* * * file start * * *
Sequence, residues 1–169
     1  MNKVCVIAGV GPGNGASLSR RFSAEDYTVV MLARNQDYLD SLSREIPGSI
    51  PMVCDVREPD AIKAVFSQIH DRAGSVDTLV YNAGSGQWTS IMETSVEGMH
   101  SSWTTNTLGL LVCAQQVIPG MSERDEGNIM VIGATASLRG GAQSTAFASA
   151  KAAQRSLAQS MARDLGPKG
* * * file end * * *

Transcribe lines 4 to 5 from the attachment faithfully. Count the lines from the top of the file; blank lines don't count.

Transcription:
   101  SSWTTNTLGL LVCAQQVIPG MSERDEGNIM VIGATASLRG GAQSTAFASA
   151  KAAQRSLAQS MARDLGPKG